Dr. Christopher J. Colloca, Activator Methods, Inc.
In reviewing the literature, few traction devices have been investigated and published in the biomedical literature. In a recent study, however, published in JNMS: Journal of the Neuromusculoskeletal System, five home-use supine cervical traction devices were studied to determine their effectiveness in providing separation of the vertebral segments, releasing the musculature, and patient satisfaction. The authors concluded that all of the devices tested were capable of distracting the cervical spine, attaining greater separation at the posterior disc height than anterior. Pronex was found to increase the anterior disc height an average of 4.9 mm, and the posterior disc height be 8.4 mm. The greatest change in anterior as well as posterior intervertebral space came for C5-C6, and C6-C7.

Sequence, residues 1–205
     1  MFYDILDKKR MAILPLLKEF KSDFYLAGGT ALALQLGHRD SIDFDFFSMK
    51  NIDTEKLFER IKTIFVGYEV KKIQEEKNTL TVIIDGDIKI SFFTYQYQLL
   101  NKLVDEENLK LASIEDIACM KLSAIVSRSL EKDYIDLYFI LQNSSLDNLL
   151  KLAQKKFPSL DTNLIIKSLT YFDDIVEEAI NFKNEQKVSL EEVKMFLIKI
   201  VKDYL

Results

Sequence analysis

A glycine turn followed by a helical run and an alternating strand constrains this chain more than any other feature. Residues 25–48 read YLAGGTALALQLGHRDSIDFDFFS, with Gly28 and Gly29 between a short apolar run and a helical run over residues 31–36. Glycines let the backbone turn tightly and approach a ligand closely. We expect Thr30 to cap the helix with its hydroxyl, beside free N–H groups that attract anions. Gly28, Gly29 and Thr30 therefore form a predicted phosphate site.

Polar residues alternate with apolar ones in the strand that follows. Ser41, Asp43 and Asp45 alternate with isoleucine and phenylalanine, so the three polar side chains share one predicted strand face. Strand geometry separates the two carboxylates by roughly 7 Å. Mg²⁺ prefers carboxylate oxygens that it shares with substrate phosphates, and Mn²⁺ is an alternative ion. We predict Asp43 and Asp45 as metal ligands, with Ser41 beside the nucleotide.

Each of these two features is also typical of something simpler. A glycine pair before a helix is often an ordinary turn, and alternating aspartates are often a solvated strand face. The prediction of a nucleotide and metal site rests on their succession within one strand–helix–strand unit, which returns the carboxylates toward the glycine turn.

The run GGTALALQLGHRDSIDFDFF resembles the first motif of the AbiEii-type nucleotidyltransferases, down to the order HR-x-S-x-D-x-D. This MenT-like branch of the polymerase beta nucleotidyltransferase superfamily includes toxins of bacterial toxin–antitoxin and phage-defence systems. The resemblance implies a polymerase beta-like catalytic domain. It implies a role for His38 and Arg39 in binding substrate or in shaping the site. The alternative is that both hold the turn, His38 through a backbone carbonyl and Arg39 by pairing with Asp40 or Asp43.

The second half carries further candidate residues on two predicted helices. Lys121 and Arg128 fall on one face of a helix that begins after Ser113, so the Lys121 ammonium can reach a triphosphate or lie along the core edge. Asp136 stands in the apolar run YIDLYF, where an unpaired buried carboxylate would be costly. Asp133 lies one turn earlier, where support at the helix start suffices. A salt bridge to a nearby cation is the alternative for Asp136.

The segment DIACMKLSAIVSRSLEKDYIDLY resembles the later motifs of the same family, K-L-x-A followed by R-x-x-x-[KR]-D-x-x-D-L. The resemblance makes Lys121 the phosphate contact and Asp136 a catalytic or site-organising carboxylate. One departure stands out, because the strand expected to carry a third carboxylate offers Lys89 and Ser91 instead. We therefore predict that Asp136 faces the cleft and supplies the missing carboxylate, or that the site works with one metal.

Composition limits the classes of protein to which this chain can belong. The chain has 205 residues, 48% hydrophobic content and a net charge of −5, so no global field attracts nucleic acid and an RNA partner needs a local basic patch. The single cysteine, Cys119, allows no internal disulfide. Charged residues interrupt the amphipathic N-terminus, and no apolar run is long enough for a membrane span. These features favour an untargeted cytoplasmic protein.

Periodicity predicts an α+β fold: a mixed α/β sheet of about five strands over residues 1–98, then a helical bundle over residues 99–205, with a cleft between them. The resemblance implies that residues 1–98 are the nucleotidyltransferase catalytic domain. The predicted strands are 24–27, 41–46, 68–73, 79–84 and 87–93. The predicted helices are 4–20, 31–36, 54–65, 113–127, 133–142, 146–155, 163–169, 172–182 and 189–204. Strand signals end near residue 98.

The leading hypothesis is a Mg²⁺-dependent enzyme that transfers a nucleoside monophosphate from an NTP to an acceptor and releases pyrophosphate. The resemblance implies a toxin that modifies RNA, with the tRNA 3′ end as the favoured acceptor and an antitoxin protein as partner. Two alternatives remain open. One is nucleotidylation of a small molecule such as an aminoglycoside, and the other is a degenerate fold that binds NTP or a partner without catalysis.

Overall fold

Based on the results of the study, in terms of patient satisfaction, Pronex was found to be the clear choice among the subjects tested, scoring favorably above all other devices. Another clear advantage of Pronex was that it did not place any pressure on the mandible or TMJ which was a complaint amongst other devices which caused extreme pressure on the jaw and forehead.
We performed an investigation into the effectiveness of Pronex in vertebral alignment before, during and after a 15 minute traction sessions with the device. It was found that during the traction session, an increase of the normal C2-C7 lordosis of 18 degrees was achieved and an overall height increase from C3-C7 of 6 mm was seen. Follow-up radiographs demonstrated the immediate changes in resting head and neck posture.
With over 100,000 units in use, and endorsements from numerous neurosurgeons, Pronex is now recognized as the traction unit of choice for cervical spine rehabilitation and pain management. We feel that the addition of Pronex to regimented care plans serves to benefit both the patient and practicing clinician.